Video Recording of Trials to Be Expanded : Jurisprudence: Four new systems will be installed in county Superior Courts next year. Many stenographers oppose the technology and fear they may become courtroom relics.


A pilot program aimed at replacing courtroom stenographers with video cameras and voice-activated recorders has proven so successful that four new systems will be installed in the new year, Orange County Superior Court officials said.

The expansion will bring to seven the number of Superior Courts equipped with the state-of-the-art video technology hailed by many as cost-effective, efficient and able to capture nuances that cannot be recorded by traditional court reporting.

The video systems will not displace any court reporters on permanent assignment with the court, but many stenographers still oppose the new equipment and fear they may become courtroom relics. They also question the reliability of the new technology.

"I think this is a mistake because no video can ever take the place of a human being," said Bob Sullivan, a stenographer and president of the Orange County Court Reporters' Assn. "Reporters are highly skilled and do a better, quicker, more accurate job than a videotape."

The video systems use cameras and microphones to record courtroom activity on a videotape. It was first introduced in the state about two years ago, and is being used on an experimental basis by many court systems across the country. In Kentucky, it has replaced most court stenographers.

At a cost of about $60,000 each, one such system roughly equals the annual salary of a court reporter, but will ultimately save money, said Orange County Superior Court Presiding Judge Donald E. Smallwood.

There is no more waiting for a court reporter to arrive, no requesting a court reporter to work late or start early, and reviewing testimony is just a rewind button away, supporters say.

"The biggest advantage for me is that I can go back and review the videotape. I don't have to keep a reporter working late to read back the transcript," said Orange County Superior Court Commissioner Eleanor Palk. "It's great."

Attorneys can request copies in video form, or must pay a stenographer to type a written transcript. Traditional court reporters must also transcribe their work for the court and attorneys.

The men and women who seemingly type faster than the judge, attorneys and witnesses can speak are often overshadowed by their counterparts in the courtroom.

Yet the reporters create the official court record. An appeal from a conviction relies on the stenographer's record and can succeed--or fail--if a mistake has been made.

While supporters of the new technology say it is this need for absolute accuracy that requires advanced equipment like videotapes and monitors, court reporters say that machines are no match for humans.

Smallwood said an additional advantage is the ability of video to capture subtleties, such as a sarcastic response or a witness's physical reaction--elements not reflected by a court reporter's record.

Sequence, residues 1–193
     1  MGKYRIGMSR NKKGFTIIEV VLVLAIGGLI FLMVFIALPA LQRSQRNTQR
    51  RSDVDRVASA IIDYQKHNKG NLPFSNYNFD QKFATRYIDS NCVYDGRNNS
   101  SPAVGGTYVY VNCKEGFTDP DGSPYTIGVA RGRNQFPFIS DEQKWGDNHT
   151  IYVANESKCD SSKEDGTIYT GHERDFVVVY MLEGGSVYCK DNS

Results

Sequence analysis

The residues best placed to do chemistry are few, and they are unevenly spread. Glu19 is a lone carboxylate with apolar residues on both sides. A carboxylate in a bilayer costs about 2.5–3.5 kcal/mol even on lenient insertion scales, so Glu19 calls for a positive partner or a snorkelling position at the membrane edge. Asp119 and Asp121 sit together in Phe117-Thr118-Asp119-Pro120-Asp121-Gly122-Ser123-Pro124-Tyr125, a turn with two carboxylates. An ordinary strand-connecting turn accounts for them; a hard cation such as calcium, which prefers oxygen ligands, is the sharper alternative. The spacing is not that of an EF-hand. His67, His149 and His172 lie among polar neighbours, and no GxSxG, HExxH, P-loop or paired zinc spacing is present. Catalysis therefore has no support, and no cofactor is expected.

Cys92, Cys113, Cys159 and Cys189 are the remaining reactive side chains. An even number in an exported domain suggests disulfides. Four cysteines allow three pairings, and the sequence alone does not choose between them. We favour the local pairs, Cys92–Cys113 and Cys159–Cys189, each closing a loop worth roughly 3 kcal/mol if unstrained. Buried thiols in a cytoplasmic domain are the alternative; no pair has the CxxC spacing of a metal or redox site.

Yet problems can crop up. Testimony can be mistakenly erased or a judge could forget to activate the system. Testimony can be inaudible. In 1989 in Kentucky, a man won the right to a new trial on manslaughter charges after it was discovered that the videotape ran out during his testimony.

These are the pitfalls that stenographers like Sullivan point to as evidence that machines will never completely take over the need for court reporters. At least, he hopes not.

"I don't mind saying I'm concerned about our future," he said. "We know that most people look at what we do and say: 'Why not use a tape recorder?' "

"But we're not dinosaurs yet. There are things a machine just can't do," said Sullivan, explaining that court reporters can interrupt when too many parties are talking, or a witness's testimony is not quite clear.

Flipping through a transcribed document is also easier to mark for future reference than fast-forwarding through a tape, he said.

The appellate courts seem to agree. The court will only accept for review videotaped proceedings that run less than one hour. Anything longer must be transcribed, officials said.

Smallwood said he does not want to see court reporters out of a job because of the equipment, but said he also has an obligation to pursue efforts to improve court services.

"No one wants to see court reporters displaced--that's not our goal," he said. "I understand their concerns, but we're not moving this into every courtroom."

Sullivan and other court reporters say they are not against all technology entering the courtroom, and deny that they are only opposed to the video system because it could threaten their livelihood.

Sullivan said new equipment will help improve court services and said he would like to see courtrooms equipped with a system allowing for immediate transcripts of court proceedings on monitors placed before the judge and attorneys.

Such a system, still experimental, is being used in only one Orange County Superior Court, Sullivan said.

"I think ultimately, you should have a system that utilizes all the technology, video and computers--but also stenographers," he said.

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